About Superconductor

Our motto: "Critical thinking in the cheap seats." Unbiased, honest classical music and opera opinions, occasional obituaries and classical news reporting, since 2007. All written content © 2016 by Paul J. Pelkonen. For more about Superconductor, visit this link. For advertising rates, click this link. Follow us on Facebook.

Tuesday, October 5, 2010

Opera Review: Machine Messiah

The Met's New Das Rheingold. 
by Paul Pelkonen
Stunt doubles make the journey into Nibelheim. Photo © Ken Howard/The Metropolitan Opera
The Metropolitan Opera's new production of Das Rheingold, designed and directed by Robert LePage, has its share of jaw-dropping moments. Monday night's performance featured a virtuoso performance from James Levine and the Met orchestra, supporting a strong (if not quite ideal) cast. But all eyes were on the staging, a multi-million dollar affair that uses high-tech machinery to produce Wagner's mythic world.
Twenty-four computer-controlled planks (dubbed 'The Machine' by the stage crew) rotated and shifted above the Met stage. This recalls the 1970s Bayreuth staging by Wolfgang Wagner, the composer's grandson. (Herr Wagner set the opera on a giant disc, split up into pie-wedges that turned and moved on a mechanism to produce the scenery.) Using modern technical innovations , Mr. LePage has given New York another old-fashioned, somewhat conservative presentation of the opera. This should delight those who revelled in the Otto Schenk production, which ran at the Met for 25 years.

The opening is stunning. Suspended Rhinemaidens float in front of blue bars of light that recall Robert Wilson's 1999 Lohengrin. Digital pebbles cascade on the river-bed in sync with the mermaids' swishing flippers. Alberich (Eric Wilson, in a visceral performance) slides up and down the planks in pursuit of the cold and eventually, the gold. The pebbles glow, and the Rhinemaidens flounder as their treasure is stolen. The transition to the cloudy height is effective, especially as the score only gives the director four minutes to change sets with the curtain up.

Eric Owens rules in Nibelheim. Photo © Ken Howard/Metropolitan Opera.
Flaws emerged with the roiling clouds that make up the background for the second scene. Bryn Terfel sang a strong Wotan, although he had one or two ungainly moments. He is at his best when the character sinks into depravity and he can tap all of his experience performing Scarpia, Giovanni and other operatic cads. Stephanie Blythe is an able, motherly Fricka. But the planks and the split-level set make acting difficult. Fasolt and Fafner have their own platforms above the stage, so there is no sense of physical menace from the Giants. Loge (Richard Croft, sounding over-taxed) floats in mid-air engulfed in digital flames. No combat or conflict emerges, so the cast has little to do other than stand and sing.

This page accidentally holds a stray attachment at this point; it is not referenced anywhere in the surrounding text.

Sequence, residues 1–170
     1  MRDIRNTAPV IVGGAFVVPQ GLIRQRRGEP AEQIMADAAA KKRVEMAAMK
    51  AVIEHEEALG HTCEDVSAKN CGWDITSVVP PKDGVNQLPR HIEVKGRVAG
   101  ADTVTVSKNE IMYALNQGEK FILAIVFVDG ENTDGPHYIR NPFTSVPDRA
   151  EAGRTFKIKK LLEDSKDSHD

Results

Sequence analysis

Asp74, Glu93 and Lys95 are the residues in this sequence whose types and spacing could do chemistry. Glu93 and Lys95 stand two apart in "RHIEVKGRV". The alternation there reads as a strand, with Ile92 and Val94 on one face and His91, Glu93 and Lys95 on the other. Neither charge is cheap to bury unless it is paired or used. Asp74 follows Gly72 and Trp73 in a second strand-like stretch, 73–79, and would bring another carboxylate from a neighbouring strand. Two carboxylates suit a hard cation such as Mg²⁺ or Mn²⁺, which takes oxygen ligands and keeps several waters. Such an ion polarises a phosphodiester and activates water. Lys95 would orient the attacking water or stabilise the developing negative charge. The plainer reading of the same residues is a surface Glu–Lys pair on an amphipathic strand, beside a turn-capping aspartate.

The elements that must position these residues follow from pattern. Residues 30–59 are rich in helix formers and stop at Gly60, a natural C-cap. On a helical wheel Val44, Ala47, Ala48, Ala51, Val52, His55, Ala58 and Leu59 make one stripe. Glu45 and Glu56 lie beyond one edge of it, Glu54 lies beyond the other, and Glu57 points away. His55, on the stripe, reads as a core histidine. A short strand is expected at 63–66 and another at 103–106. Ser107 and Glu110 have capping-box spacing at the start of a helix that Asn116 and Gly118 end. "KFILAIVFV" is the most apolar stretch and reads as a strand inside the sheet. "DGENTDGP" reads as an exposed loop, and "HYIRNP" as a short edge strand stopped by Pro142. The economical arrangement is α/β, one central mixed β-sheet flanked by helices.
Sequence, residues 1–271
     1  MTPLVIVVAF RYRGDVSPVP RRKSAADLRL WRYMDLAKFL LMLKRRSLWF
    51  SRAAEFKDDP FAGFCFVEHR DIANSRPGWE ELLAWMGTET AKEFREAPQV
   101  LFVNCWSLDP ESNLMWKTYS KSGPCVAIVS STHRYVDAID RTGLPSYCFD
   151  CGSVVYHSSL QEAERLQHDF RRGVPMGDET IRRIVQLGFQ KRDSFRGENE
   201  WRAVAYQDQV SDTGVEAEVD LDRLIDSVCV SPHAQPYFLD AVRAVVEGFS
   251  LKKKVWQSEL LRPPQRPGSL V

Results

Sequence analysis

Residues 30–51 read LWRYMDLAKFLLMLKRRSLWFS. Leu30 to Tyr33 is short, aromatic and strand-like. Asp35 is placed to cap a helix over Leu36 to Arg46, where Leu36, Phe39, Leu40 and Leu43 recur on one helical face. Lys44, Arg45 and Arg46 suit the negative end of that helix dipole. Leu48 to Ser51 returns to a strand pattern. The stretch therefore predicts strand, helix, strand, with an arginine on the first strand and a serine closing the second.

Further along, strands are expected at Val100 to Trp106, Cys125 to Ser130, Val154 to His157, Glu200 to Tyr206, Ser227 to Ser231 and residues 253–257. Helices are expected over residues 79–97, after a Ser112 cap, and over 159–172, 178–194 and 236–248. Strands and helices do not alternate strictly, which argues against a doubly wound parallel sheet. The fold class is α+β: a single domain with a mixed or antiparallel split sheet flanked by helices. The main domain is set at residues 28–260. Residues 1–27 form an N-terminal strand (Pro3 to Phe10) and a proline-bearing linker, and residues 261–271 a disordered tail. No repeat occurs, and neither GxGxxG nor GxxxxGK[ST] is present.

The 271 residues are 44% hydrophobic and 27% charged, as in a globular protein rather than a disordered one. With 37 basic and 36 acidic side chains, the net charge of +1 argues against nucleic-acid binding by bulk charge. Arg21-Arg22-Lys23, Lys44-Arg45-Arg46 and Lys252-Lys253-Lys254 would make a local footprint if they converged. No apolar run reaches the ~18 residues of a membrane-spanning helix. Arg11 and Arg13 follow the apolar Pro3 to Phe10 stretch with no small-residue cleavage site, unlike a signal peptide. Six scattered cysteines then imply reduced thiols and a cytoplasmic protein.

Wotan and Loge journey to (and from) Nibelheim on a winding, twisting, seemingly infinite staircase high above the stage. Nibelheim is the best set of the opera, a subterranean factory with hot forges, heaps of gold, and Gerhard Siegel turning in the best performance of the night as Alberich's hapless brother Mime. The dwarven brothers are terrific, and this scene, which sometimes lags, remains tense and thrilling throughout. The transformations of Alberich into a dragon, then a toad are shark-jumps in most stagings of the Ring. They work well here, with Julie Taymor-style puppetry wielded with a sense of humor.

When Mr. Terfel's Wotan mugs Alberich for the Ring, he acts with brutal, ungodly force. Mr. Owens delivers a venom-filled curse . Erda's entrance stops the action cold--as it should. Her emergence beneath the stage machinery underlines the Earth goddess' status as an outsider. The best moment is Fafner's cold-blooded murder of his love-lorn brother Fasolt. It takes center stage, and the body is disposed of Sweeney Todd-style, falling off the cliff face after being clubbed to death. Donner (Dwayne Croft, Richard's brother) clears the air with an impressive digitally-rendered lightning strike and a swirl of cloud computing, not to mention some fine baritonal singing accompanied by the full-throated roar of the Wagner tubas.
The Rainbow Bridge. Photo © Ken Howard/Metropolitan Opera
The Rainbow Bridge effect worked at Monday night's performance, with the actors' doubles wall-walking up the shifting patterns of light. It is an impressive visual, although the long, slow trip over the rainbow distracts the eye from Wotan's final oration. The Met brass rang out in thunderous acclaim of the new, self-proclaimed Gods as Loge watched from downstage, with a spark in his eye and the final, all-consuming fire in his brightly glowing hands.
Post a Comment

LinkWithin

Related Posts Plugin for WordPress, Blogger...

Translate

Critical Thinking in the Cheap Seats

My photo

Since 2007, Superconductor has grown from an occasional concert or CD review to a near-daily publication covering classical music, opera and the arts in and around NYC, with excursions to Boston, Philadelphia, and upstate NY. I am a freelance writer living and working in Brooklyn NY. And no, I'm not a conductor.